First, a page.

Written By David Sugarman
The next installment on our list in the Hoosier Legacy Series is a player who excelled at not one, not two, but three different positions. Tom Nowatzke played running back, linebacker and kicked field goals in his time for the Hoosiers and despite not being in the College Football Hall of Fame, is one of the greatest Indiana Football players of all-time.
Before being drafted by the Lions in 1965, Nowatzke had a three-year stint in Bloomington from 1962-1964. Born in LaPorte, Indiana, Nowatzke’s versatility was evident early on in his athletic career. In high school Nowatzke lettered in football, basketball and track, earning All-Conference and All-State honors in both football and basketball.
When Nowatzke made the move from Michigan City Elston High School to Bloomington, he had no problem carrying over the success from his high school days. Earning All-Big 10 in 1963 and 1964, Nowatzke was a dynamic, game changing playmaker at any and every position he played. In 1964 Nowatzke led the Big Ten in rushing while scoring a then IU single-season record 73 points. That record has since been shattered by Anthony Thompson who had 156 points at running back as a junior in 1988. Nowatzke also held the then IU record with a 50-yard field goal. Not to mention, “The kick was good,” with some additional obstacles given the time period. Mark Deal, Indiana’s Assistant Athletic director in charge of Alumni Relations said, he “kicked a 50-yard field goal, on grass with a square-toed shoe, straight ahead kicker.”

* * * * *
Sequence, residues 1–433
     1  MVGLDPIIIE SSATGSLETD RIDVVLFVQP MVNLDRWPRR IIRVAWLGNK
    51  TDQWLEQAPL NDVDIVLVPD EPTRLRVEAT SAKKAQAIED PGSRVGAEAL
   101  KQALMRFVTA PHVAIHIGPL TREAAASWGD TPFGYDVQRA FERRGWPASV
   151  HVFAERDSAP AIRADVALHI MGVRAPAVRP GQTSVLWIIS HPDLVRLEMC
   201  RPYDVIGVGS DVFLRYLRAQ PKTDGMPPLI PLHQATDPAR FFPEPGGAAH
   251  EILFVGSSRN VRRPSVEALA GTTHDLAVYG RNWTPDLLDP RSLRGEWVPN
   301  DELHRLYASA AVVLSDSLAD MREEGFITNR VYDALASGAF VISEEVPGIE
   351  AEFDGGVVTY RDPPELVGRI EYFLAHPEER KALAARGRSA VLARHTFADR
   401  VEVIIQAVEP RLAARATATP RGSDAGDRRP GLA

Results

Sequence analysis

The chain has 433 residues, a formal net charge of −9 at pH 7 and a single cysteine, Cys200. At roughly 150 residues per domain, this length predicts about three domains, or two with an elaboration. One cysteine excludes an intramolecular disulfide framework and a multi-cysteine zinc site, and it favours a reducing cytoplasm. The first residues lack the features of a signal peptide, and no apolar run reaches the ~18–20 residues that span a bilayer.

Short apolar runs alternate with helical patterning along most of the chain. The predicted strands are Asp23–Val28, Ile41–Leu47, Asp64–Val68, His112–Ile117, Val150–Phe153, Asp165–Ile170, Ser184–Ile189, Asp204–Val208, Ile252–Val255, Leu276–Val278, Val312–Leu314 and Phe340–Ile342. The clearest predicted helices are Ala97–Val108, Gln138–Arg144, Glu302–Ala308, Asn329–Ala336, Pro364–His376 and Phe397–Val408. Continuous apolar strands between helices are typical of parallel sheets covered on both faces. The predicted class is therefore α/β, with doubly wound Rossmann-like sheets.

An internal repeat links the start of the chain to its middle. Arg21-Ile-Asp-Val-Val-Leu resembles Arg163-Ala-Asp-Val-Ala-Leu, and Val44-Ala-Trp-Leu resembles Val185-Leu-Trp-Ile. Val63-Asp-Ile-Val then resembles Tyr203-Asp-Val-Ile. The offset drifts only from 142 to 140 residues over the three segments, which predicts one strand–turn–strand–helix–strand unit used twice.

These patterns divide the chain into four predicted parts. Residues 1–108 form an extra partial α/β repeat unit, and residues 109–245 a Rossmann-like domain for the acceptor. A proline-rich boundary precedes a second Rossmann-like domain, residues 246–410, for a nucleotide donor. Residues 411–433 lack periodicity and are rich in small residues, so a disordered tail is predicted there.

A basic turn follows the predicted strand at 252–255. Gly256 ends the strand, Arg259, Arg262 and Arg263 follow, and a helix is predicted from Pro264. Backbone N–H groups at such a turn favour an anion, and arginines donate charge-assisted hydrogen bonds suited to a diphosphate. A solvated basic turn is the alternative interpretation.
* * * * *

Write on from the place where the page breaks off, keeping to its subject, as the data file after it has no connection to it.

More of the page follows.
In 1965 Nowatzke would go on to the pro football draft where was elected in the first round by the Detroit Lions as well as the New York Jets who were in the AFL at the time. Nowatzke would take his talents to Detroit and spend the first five seasons of his career there before being traded to the Baltimore Colts. It’s there where he would etch his name into football history. In Superbowl V Nowatzke helped the Colts take down the Dallas Cowboys 16-13 where he led the team in rushing and scored a crucial game-tying touchdown.
After Nowatzke’s All-American career for the Hoosiers, Mark Deal feels it’s a, “Absolute travesty,” that Nowatzke has been left out of the College Football Hall of Fame. Having been on the ballot several times, if his name makes his way onto the ballot again, it would be hard to turn him down. If the committee needs a reminder of just how good he was, consider this his resume.